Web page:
Oh, dear, sweet, baby Jesus. You’ve gotta be kidding me. I didn’t say a word. Jamie kept driving. I clenched my teeth, and in my gut, I knew, the way all women do, we were in for it.
The “wooolumph” got louder. At this point, we were on a twisty-turny, very backwoodsy, two-lane road. Jamie’s face was slowly turning purple.
“Hey, babe,” I said with my most hopeful, optimistic Mom-voice, “at least we aren’t on the interstate.” Through his teeth and with a gravely, quiet voice, he responded, “Please – just don’t talk to me.”
My heart sank. This was it. The breakdown I’d waited for. The Clark Griswald-style freakout I’d sensed was riding just below the surface for months. I figured the best I could hope for was that the children didn’t learn any new cuss words.
Side roads were limited, so we pulled in at the gravel construction driveway we found 3.5 miles from the entrance to Barnsley Gardens. We’d almost made it.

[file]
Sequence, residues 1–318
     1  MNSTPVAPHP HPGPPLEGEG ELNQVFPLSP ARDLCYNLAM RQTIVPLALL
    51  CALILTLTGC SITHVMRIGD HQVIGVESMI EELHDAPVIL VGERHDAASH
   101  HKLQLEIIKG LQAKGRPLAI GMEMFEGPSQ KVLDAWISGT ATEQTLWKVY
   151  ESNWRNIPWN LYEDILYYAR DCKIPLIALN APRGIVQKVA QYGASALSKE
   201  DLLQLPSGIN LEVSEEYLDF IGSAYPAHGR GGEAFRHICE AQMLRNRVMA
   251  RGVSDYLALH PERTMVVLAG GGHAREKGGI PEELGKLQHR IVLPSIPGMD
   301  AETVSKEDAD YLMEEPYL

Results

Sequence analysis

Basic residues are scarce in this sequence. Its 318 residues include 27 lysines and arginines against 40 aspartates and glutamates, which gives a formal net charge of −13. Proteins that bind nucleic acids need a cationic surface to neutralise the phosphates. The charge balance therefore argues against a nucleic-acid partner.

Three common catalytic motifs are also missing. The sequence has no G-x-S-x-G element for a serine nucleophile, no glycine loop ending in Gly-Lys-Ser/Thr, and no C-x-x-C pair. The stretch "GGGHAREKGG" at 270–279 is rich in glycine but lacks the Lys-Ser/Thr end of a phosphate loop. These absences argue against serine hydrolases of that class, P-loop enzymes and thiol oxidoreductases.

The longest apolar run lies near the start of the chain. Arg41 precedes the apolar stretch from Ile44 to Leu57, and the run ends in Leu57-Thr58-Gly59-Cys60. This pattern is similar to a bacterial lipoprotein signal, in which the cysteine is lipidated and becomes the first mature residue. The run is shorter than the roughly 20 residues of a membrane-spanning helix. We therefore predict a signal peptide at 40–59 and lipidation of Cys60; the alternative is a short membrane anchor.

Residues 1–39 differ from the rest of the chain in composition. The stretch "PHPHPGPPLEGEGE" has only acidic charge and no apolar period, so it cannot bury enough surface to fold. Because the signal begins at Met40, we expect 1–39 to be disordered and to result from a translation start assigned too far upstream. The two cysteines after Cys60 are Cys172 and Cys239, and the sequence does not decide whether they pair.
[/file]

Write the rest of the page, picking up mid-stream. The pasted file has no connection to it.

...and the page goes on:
We all piled out to see what was what. The right front tire was completely flat. “Holy hell, Jack,” Jamie asked, “What did you hit last week? It’s cost us two tires, boy.”
Jack didn’t answer. He’d already sprung into action. He’d tossed his suit jacket into the backseat, rolled up his sleeves, and was popping the liftgate to get the spare tire out.
Working in sync, Jack and Jamie were like a NASCAR pit crew. Jack was confident in his new skills and began taking the lug nuts off the flat while Jamie started jacking up the car.